# Quartic function

(Redirected from Quartic equation)
Graph of a polynomial of degree 4, with 3 critical points.

In mathematics, a quartic function, is a function of the form

$f(x)=ax^4+bx^3+cx^2+dx+e,$

where a is nonzero, which is defined by a polynomial of degree four, called quartic polynomial.

Sometimes the term biquadratic is used instead of quartic, but, usually, biquadratic function refers to a quadratic function of a square (or, equivalently, to the function defined by a quartic polynomial without terms of odd degree), having the form

$f(x)=ax^4+cx^2+e.$

A quartic equation, or equation of the fourth degree, is an equation consisting in equating to zero a quartic polynomial, of the form

$ax^4+bx^3+cx^2+dx+e=0 ,$

where a ≠ 0.

The derivative of a quartic function is a cubic function.

Since a quartic function is defined by a polynomial of even degree, it has the same infinite limit when the argument goes to positive or negative infinity. If a is positive, then the function increases to positive infinity at both ends; and thus the function has a global minimum. Likewise, if a is negative, it decreases to negative infinity and has a global maximum. In both cases it may have, but not always, another local maximum and another local minimum.

The degree four (quartic case) is the highest degree such that every polynomial equation can be solved by radicals.

## History

Lodovico Ferrari is attributed with the discovery of the solution to the quartic in 1540, but since this solution, like all algebraic solutions of the quartic, requires the solution of a cubic to be found, it couldn't be published immediately.[1] The solution of the quartic was published together with that of the cubic by Ferrari's mentor Gerolamo Cardano in the book Ars Magna (1545).

The Soviet historian I. Y. Depman claimed that even earlier, in 1486, Spanish mathematician Valmes was burned at the stake for claiming to have solved the quartic equation.[2] Inquisitor General Tomás de Torquemada allegedly told Valmes that it was the will of God that such a solution be inaccessible to human understanding.[3] However Beckmann, who popularized this story of Depman in the west, said that it was unreliable and hinted that it may have been invented as Soviet antireligious propaganda.[4] Beckmann's version of this story has been widely copied in several books and internet sites, usually without his reservations and sometimes with fanciful embellishments. Several attempts to find corroborating evidence for this story, or even for the existence of Valmes, have failed.[5]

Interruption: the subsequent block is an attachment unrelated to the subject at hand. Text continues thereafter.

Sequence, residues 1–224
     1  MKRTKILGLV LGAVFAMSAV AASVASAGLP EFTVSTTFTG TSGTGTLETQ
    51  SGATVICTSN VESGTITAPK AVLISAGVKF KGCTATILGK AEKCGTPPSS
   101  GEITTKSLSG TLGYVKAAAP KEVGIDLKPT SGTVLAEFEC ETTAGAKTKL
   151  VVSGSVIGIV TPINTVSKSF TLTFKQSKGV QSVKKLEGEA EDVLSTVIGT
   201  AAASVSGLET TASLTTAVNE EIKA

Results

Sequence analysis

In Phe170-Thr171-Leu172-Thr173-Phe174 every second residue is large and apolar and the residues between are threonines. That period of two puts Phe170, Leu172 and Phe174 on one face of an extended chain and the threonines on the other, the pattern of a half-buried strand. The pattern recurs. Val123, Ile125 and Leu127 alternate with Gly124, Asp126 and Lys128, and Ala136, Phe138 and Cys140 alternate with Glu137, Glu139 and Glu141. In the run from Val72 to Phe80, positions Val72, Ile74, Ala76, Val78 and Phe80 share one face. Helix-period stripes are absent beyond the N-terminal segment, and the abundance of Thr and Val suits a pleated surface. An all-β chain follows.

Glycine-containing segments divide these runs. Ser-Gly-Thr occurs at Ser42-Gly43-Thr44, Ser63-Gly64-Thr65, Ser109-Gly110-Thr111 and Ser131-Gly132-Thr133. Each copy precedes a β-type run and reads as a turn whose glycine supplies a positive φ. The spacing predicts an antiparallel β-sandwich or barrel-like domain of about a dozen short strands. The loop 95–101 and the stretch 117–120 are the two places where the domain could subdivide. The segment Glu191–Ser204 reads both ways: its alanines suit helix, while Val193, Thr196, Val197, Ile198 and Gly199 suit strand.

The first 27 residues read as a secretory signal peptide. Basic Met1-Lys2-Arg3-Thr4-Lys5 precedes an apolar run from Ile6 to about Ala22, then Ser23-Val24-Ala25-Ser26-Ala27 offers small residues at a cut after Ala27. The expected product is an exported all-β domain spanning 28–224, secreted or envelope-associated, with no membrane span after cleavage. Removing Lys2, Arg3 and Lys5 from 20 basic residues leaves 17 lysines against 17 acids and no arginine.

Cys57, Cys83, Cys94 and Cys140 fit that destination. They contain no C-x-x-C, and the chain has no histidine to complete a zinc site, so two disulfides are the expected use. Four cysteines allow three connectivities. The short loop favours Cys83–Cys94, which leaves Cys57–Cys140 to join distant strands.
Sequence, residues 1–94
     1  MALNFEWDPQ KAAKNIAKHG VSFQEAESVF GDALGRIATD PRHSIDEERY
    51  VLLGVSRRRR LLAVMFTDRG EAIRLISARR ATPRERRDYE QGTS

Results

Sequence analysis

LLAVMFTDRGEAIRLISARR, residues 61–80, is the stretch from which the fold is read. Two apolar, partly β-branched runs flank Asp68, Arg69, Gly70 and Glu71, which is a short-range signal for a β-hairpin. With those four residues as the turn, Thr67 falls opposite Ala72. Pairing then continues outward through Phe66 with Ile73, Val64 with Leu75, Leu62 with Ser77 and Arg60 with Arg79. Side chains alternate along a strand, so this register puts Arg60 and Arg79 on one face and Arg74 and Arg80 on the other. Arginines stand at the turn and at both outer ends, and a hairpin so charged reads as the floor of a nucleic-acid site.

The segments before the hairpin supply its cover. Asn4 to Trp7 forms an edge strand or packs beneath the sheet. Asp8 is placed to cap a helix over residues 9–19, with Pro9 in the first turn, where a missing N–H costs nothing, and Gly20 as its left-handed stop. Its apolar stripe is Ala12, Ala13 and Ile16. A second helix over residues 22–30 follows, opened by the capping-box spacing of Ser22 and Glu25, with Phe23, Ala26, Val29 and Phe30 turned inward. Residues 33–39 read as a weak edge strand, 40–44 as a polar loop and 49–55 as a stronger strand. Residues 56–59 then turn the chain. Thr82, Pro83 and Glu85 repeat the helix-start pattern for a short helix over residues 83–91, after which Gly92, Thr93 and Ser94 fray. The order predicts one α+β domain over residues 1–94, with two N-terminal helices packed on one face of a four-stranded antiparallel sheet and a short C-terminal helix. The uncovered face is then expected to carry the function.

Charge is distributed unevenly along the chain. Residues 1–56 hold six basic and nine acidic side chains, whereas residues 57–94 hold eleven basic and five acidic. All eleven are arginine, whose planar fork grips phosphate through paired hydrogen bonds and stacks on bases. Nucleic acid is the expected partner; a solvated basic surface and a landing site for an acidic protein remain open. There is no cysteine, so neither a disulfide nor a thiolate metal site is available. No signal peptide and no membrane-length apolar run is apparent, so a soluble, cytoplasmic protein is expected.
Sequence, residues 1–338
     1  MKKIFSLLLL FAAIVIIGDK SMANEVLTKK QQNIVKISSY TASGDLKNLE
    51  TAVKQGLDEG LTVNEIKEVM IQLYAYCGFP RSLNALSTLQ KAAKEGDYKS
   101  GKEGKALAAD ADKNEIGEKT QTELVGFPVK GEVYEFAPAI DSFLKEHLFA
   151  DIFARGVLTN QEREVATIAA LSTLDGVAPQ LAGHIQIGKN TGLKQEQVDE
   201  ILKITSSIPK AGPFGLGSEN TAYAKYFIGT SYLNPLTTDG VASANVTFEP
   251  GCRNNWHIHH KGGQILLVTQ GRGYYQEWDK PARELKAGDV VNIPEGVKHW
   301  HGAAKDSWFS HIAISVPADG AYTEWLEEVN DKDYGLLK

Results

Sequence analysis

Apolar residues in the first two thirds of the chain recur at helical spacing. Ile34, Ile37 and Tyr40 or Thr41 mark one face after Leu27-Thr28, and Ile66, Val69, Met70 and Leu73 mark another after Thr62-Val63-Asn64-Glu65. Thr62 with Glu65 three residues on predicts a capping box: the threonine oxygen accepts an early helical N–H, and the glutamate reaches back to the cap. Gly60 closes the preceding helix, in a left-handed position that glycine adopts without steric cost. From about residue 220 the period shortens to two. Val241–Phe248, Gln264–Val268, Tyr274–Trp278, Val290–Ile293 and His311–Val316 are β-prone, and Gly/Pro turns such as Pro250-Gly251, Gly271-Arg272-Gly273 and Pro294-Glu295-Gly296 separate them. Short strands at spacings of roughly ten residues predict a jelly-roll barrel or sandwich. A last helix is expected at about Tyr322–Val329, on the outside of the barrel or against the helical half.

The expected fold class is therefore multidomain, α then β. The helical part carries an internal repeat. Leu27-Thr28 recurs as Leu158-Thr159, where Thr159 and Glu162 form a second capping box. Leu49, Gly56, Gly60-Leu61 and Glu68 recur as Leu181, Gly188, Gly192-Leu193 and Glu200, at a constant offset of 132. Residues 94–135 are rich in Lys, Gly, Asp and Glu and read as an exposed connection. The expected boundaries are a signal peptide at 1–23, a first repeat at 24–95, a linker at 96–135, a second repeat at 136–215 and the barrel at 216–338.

The proof that four is the highest degree of a general polynomial for which such solutions can be found was first given in the Abel–Ruffini theorem in 1824, proving that all attempts at solving the higher order polynomials would be futile. The notes left by Évariste Galois prior to dying in a duel in 1832 later led to an elegant complete theory of the roots of polynomials, of which this theorem was one result.[6]

## Applications

Polynomials of high degrees often appear in problems involving optimization, and sometimes these polynomials happen to be quartics, but this is a coincidence.

Quartics often arise in computer graphics, for example when computing the intersection of two conic sections. Another example is ray-tracing against quartic surfaces such as tori.

In computer-aided manufacturing, the torus is a common shape associated with the endmill cutter. To calculate its location relative to a triangulated surface, the position of a horizontal torus on the Z-axis must be found where it is tangent to a fixed line, and this requires the solution of a general quartic equation to be calculated. Over 10% of the computational time in a CAM system can be consumed simply calculating the solution to millions of quartic equations.

## Solving a quartic equation

### Nature of the roots

Given the general quartic equation

$ax^4 + bx^3 + cx^2 + dx + e = 0$

with real coefficients and $a \ne 0,$ the nature of its roots is mainly determined by the sign of its discriminant

\begin{align} \Delta\ =\ &256 a^3 e^3 - 192 a^2 b d e^2 - 128 a^2 c^2 e^2 + 144 a^2 c d^2 e - 27 a^2 d^4 \\ &+ 144 a b^2 c e^2 - 6 a b^2 d^2 e - 80 a b c^2 d e + 18 a b c d^3 + 16 a c^4 e \\ &- 4 a c^3 d^2 - 27 b^4 e^2 + 18 b^3 c d e - 4 b^3 d^3 - 4 b^2 c^3 e + b^2 c^2 d^2 \end{align}

This may be refined by considering the signs of three other polynomials:

$P = 8ac - 3b^2$

such that $\tfrac{P}{8a^2}$ is the second degree coefficient of the associated depressed quartic (see below);

$\Delta_0 = c^2 - 3bd + 12ae$

which is 0 if the quartic has a triple root; and

$D = 64 a^3 e - 16 a^2 c^2 + 16 a b^2 c - 16 a^2 bd - 3 b^4$

which is 0 if the quartic has two double roots.